We’re nowhere near getting back to normal as a society while the COVID-19 outbreak continues throughout the country. Many people are living in isolation under “stay-at-home” orders from their state and county governments, businesses (especially restaurants) have shuttered or are operating under significant restrictions, and sports have shut down under social distancing guidelines prohibiting large gatherings.

Those same quarantining and social distancing considerations apply to TV production as well. Virtually every studio show on television now has hosts and guests contribute remotely due to coronavirus concerns. That includes ESPN’s Pardon the Interruption, which was suspended when the network closed production from its Washington, D.C. studios. (Not to mention that the sports world’s shutdown gave PTI no events to comment upon.)

But after a week or so of PTI (along with ESPN’s other debate shows like Around the Horn and Highly Questionable) producing remote segments to post on social media, Tony Kornheiser and Michael Wilbon are back on ESPN. No, PTI is not yet back on the air at 5:30 ET. But since Monday, the show has returned to an extent with segments on SportsCenter, discussing stories such as NFL Draft prospect Tua Tagovailoa posting workout videos online.

Kornheiser and Wilbon have had PTI segments on SportsCenter before, so this isn’t entirely different from what they’ve done before. The big difference is that Kornheiser is still broadcasting his segments from home while Wilbon is working from a TV studio, instead of the two recording video at home (with their wives behind the camera) that needs to be edited together.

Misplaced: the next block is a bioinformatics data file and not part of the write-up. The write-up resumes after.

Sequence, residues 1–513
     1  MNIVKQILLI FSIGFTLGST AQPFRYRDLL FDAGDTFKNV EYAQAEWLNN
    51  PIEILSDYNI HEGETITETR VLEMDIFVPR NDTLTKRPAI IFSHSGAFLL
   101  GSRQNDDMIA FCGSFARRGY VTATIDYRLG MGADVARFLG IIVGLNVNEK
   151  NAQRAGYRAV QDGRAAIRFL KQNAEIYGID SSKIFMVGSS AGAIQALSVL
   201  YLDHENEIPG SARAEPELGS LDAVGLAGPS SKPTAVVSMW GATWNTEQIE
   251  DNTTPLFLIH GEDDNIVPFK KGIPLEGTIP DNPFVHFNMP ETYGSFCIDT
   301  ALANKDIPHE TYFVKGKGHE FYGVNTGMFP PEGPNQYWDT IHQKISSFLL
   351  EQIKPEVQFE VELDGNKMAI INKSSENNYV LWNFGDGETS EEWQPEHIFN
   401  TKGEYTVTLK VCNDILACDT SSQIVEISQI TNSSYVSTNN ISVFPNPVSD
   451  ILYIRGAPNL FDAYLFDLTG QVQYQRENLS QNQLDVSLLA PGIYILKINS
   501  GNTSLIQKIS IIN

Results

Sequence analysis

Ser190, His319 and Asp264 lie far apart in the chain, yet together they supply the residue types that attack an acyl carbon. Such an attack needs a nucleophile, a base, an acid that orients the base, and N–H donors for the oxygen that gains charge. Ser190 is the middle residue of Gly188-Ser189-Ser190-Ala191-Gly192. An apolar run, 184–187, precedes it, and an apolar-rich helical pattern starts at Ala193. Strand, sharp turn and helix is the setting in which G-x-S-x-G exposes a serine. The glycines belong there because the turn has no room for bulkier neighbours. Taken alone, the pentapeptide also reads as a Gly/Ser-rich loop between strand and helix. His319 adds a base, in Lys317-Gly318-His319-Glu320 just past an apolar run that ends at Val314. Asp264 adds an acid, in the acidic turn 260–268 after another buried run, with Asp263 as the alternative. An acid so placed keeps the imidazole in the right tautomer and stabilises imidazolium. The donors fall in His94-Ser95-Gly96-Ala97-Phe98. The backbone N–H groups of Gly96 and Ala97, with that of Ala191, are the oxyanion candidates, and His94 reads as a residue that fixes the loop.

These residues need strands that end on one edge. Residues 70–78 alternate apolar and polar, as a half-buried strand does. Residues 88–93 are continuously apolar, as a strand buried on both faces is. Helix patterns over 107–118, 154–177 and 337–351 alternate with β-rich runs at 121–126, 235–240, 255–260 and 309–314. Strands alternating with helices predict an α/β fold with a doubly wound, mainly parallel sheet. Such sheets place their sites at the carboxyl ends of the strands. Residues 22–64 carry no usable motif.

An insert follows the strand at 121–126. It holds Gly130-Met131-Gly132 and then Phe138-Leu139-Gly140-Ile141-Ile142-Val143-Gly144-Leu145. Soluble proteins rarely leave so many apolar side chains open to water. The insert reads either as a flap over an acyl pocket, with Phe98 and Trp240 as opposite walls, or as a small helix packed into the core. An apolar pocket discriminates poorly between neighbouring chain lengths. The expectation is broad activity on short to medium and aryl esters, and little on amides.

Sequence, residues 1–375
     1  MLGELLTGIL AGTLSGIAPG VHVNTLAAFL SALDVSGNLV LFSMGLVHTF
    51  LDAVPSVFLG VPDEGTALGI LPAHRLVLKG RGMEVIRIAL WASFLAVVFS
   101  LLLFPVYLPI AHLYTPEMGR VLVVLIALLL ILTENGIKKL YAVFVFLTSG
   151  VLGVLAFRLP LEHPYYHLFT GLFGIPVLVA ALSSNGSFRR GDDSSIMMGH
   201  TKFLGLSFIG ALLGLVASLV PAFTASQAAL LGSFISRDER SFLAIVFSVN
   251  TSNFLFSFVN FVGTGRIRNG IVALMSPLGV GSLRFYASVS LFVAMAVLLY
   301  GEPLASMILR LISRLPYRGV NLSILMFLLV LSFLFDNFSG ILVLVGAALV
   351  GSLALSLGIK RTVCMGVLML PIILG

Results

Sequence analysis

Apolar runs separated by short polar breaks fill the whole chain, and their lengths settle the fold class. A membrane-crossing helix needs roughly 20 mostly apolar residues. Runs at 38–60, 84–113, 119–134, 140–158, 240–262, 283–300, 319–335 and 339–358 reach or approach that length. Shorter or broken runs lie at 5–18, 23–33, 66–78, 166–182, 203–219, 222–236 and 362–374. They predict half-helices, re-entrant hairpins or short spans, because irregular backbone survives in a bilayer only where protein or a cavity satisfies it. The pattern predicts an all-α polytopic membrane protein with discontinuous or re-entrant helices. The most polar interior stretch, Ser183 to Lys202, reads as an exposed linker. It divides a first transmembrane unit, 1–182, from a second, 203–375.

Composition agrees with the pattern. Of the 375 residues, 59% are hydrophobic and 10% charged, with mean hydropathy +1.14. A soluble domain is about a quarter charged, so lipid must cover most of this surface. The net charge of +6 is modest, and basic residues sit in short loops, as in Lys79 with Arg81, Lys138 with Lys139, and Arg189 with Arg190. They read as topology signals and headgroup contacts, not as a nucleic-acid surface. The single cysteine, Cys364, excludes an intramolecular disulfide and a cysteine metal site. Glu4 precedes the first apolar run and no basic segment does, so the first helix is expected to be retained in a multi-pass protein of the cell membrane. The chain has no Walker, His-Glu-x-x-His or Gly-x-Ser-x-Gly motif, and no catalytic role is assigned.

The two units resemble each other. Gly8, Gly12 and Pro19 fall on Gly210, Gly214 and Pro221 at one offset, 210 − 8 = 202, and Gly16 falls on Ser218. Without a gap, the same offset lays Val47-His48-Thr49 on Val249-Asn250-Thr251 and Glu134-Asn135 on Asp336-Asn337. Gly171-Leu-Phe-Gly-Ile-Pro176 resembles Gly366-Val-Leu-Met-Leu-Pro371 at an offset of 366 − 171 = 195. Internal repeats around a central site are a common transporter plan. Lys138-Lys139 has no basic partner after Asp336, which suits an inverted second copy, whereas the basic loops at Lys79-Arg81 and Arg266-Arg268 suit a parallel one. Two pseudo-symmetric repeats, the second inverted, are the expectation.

While the SportsCenter segments look more professional and resemble what PTI typically looks like when Wilbon isn’t in Washington, D.C., they lack the charm of seeing the two TV personalities at home. The clips on Twitter and Instagram were entertainingly relatable with Kornheiser and Wilbon in “civilian” attire (Mr. Tony often wearing a Binghamton University cap), resembling the circumstances many of us currently live under.

On his podcast Monday, Kornheiser explained how PTI will currently work.

“We’ll fold it into a SportsCenter at around the same time of day,” said Kornheiser. “We’ll be taped earlier. When we tape PTI, we usually stop at 5:25 so if something happens, we can go back into the show. But since we’re on somebody else’s show, we won’t do that.”

As producer Marc Sterne said to Kornheiser, the PTI segments are a return of something familiar to our televisions. Obviously, we have a long way to go (speculation of which depends on who you choose to believe) until we get back to normal. But a little bit of PTI on ESPN is comforting.

In the meantime, Around the Horn and Highly Questionable continue their enjoyable home versions on social media. But maybe we’ll see them back on TV soon too, though the bigger panels on those shows make production more difficult to manage. We’re all getting through this slowly.

About Ian Casselberry

Ian is a writer, editor, and podcaster. You can find his work at Awful Announcing and Asheville's Mountain XPress. He's written for Yahoo Sports, MLive, Bleacher Report, and SB Nation.